FlipView Item

Databinding a Windows FlipView with MVVM Light

MVVM Light is a great cross-platform MVVM Framework, and was chosen to be used in this example. However, it isn’t required to get the same results.

FlipViews were a great addition to the WIndows Control family for Windows Phone and Windows Store applications. It’s easily customized, simple to use, and can give your app a user friendly experience for anything from an image gallery, to a news reader. So let’s get to the code.

Let’s first build the model we are going to use for each of our views in our FlipView. I’m using a PCL for my Models and ViewModels and a Windows Phone 8.1 project for the xaml, but it works in the same fashion for Windows Store.

Here is our model:


public class RotatorItem
 {
     public string Title { get; set; }
     public string ImageUri { get; set; }
     public string Subtitle { get; set; }
 }

Now let’s look at a simple ViewModel with MVVM Light to hold our collection of SimpleRotatorItems.

public class LandingRotatorPageViewModel : ViewModelBase
 {
     #region Private Properties
     private ObservableCollection<RotatorItem> _rotatorItems;
     private RotatorItem _activeItem;
     #endregion

     #region Public Properties
     public ObservableCollection<RotatorItem> RotatorItems
     {
         get
         {
             return _rotatorItems;
         }
         set
         {
             Set(() => RotatorItems, ref _rotatorItems, value);
         }
     }
     public RotatorItem ActiveItem
     {
         get
         {
             return _activeItem;
         }
         set
         {
             Set(() => ActiveItem, ref _activeItem, value);
         }
     }

     #endregion
     public LandingRotatorPageViewModel()
     {
         var rotatorItems = new ObservableCollection<RotatorItem>();
         rotatorItems.Add(new RotatorItem { ImageUri = "/Assets/Logo.scale-240.png", Title = "Title 1", Subtitle = "Subtitle 1"});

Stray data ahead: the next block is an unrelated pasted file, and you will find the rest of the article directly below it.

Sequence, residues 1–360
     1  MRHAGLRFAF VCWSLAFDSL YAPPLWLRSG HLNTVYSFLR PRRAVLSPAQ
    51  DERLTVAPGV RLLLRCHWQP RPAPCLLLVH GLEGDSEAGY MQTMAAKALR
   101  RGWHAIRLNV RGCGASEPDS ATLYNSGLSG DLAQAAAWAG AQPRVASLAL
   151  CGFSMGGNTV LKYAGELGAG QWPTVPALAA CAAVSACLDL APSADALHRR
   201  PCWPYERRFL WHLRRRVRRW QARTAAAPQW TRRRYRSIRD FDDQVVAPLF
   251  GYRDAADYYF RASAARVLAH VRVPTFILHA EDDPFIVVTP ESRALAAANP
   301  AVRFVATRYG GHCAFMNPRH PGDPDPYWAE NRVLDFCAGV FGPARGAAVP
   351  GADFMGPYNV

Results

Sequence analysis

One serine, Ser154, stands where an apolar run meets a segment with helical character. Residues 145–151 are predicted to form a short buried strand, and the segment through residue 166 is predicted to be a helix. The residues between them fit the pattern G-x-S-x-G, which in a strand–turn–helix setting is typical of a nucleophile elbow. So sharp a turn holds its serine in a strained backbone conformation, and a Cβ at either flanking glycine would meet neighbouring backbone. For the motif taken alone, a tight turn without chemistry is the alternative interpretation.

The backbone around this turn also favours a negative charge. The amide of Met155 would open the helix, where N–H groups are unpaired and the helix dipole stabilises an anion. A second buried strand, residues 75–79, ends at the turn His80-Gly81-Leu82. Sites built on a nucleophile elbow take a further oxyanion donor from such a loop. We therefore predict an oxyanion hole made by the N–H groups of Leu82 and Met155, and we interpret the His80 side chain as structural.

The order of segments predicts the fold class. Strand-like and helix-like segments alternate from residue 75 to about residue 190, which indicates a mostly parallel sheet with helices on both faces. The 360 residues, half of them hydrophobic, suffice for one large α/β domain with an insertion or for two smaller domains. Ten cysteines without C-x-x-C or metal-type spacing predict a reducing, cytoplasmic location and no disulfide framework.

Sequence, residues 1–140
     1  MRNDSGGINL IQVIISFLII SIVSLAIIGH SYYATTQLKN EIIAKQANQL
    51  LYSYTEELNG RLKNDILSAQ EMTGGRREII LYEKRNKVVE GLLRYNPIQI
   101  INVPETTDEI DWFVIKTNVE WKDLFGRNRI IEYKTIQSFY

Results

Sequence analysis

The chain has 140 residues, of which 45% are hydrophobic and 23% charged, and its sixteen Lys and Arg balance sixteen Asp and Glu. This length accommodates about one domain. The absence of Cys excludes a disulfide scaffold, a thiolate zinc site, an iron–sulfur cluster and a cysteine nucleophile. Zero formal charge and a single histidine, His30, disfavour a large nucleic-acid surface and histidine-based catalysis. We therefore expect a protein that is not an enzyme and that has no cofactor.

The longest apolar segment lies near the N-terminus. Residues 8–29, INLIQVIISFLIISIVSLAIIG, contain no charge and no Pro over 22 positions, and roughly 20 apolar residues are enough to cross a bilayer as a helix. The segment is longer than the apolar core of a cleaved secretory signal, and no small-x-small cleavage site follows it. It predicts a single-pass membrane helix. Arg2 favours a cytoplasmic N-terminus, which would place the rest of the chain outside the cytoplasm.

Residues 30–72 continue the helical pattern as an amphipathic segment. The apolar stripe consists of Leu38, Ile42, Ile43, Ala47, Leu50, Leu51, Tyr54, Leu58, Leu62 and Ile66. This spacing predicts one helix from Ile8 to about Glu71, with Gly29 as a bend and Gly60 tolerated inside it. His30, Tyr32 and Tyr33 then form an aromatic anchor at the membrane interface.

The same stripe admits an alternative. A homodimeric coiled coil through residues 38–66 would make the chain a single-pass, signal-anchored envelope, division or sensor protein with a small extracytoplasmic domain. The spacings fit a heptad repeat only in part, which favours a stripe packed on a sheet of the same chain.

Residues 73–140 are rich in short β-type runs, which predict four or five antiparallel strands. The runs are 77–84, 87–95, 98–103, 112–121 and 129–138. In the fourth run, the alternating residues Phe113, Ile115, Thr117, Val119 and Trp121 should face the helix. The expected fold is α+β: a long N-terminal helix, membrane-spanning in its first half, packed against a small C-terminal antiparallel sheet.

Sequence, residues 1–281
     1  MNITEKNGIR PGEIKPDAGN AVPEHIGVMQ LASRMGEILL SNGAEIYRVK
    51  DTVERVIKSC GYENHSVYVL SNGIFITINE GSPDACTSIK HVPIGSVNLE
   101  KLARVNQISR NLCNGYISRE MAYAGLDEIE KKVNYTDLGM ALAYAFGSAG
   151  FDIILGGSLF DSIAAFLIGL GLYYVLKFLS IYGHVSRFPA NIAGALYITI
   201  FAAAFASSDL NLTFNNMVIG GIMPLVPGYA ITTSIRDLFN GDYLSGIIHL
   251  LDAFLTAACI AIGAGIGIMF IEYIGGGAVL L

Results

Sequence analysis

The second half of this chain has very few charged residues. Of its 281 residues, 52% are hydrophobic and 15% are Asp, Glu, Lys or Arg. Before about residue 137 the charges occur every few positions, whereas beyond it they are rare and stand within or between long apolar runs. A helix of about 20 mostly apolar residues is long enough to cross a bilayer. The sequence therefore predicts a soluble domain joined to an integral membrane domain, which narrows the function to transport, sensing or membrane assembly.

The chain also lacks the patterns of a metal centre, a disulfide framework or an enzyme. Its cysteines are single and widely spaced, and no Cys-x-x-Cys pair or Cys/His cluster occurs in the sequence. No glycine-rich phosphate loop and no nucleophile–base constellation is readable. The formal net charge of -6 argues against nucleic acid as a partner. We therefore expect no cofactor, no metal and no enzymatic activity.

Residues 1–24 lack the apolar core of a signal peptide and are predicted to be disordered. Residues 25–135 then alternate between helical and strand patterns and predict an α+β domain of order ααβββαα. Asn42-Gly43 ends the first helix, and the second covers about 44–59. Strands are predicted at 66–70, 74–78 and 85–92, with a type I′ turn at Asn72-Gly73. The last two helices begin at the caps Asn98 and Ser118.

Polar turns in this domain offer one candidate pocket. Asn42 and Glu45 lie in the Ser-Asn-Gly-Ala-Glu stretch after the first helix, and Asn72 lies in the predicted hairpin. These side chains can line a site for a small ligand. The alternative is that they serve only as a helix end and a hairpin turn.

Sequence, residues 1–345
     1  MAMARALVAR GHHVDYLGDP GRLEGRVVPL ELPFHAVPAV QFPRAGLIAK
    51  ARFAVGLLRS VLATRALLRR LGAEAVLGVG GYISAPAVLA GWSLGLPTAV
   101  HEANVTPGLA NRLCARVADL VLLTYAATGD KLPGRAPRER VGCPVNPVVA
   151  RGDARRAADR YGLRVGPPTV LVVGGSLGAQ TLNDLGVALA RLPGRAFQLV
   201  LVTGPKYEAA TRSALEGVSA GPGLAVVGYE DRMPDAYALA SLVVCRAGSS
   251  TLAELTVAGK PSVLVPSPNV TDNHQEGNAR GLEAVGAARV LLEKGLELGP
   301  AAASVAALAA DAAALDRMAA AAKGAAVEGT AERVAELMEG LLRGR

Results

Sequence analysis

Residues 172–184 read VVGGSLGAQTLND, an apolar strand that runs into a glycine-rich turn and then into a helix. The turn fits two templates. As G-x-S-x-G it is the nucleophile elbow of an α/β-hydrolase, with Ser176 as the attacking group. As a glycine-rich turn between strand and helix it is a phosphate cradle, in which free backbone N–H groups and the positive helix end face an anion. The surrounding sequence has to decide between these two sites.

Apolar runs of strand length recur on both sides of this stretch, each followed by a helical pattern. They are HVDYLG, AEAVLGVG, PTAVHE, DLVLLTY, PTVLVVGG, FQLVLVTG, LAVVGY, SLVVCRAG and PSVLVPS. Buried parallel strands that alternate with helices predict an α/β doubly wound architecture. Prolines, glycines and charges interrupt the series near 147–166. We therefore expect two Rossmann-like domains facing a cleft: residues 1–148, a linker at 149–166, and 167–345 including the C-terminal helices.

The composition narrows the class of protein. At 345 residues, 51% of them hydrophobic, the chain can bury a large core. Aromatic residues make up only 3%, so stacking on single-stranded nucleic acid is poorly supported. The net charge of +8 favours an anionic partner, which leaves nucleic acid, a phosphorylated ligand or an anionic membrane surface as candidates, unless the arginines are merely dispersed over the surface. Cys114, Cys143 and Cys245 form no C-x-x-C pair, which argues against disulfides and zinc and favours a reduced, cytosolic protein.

rotatorItems.Add(new RotatorItem { ImageUri = "/Assets/Logo.scale-240.png", Title = "Title 2", Subtitle = "Subtitle 2" });
         rotatorItems.Add(new RotatorItem { ImageUri = "/Assets/Logo.scale-240.png", Title = "Title 3", Subtitle = "Subtitle 3" });
         rotatorItems.Add(new RotatorItem { ImageUri = "/Assets/Logo.scale-240.png", Title = "Title 4", Subtitle = "Subtitle 4" });
         RotatorItems = rotatorItems;
         ActiveItem = rotatorItems.First();
     }
 }

Let’s go ahead now and get our markup done for our page with the FlipView:

<FlipView x:Name="SimpleFlipView" ItemsSource="{Binding RotatorItems}" Grid.Row="1" SelectionChanged="FlipView_SelectionChanged">
    <FlipView.ItemTemplate>
        <DataTemplate>
            <Grid>
                <Grid.RowDefinitions>
                    <RowDefinition Height="200" />
                    <RowDefinition Height="120" />
                    <RowDefinition Height="80" />
                </Grid.RowDefinitions>
                <Image Source="{Binding ImageUri}" Height="150" Grid.Row="0" VerticalAlignment="Top" Margin="0,50,0,0"/>
                <TextBlock TextWrapping="Wrap" TextAlignment="Center" Grid.Row="1" Text="{Binding Title}" FontSize="30" HorizontalAlignment="Center" Margin="20"></TextBlock>
                <TextBlock TextWrapping="Wrap" TextAlignment="Center" Grid.Row="2" FontSize="20" HorizontalAlignment="Center" Margin="20">
                    <Run Text="{Binding Subtitle}"></Run>
               </TextBlock>

            </Grid>
       </DataTemplate>
   </FlipView.ItemTemplate>
</FlipView>

Last but not least, let’s make sure our ViewModel is bound to our Page in our page Class:

 public sealed partial class MainPage : Page
 {
     private LandingRotatorPageViewModel _vm;
     public MainPage()
     {
          this.InitializeComponent();

          _vm = new LandingRotatorPageViewModel();
          this.DataContext = _vm;
     }

     /// <summary>
     /// Invoked when this page is about to be displayed in a Frame.
     /// </summary>
     /// <param name="e">Event data that describes how this page was reached.
     /// This parameter is typically used to configure the page.</param>
     protected override void OnNavigatedTo(NavigationEventArgs e)
     {
     }
}

Now that the Page’s DataContext is set to our ViewModel, the binding we placed on the FlipView element ‘ItemSource=”{Binding RotatorItems}”‘ will bind our FlipView’s Items to the items we created in the constructor for our ViewModel, and will use our ItemTemplate to create our items from the fields on the RotatorItems.

Now let’s take a look at our final result:

FlipView Item
First FlipView Item bound to ViewModel
wp_ss_20150502_0002
Second FlipView Item

So there you have it. An easy solution to using the Windows FlipView Control to display content that is bound to a ViewModel.

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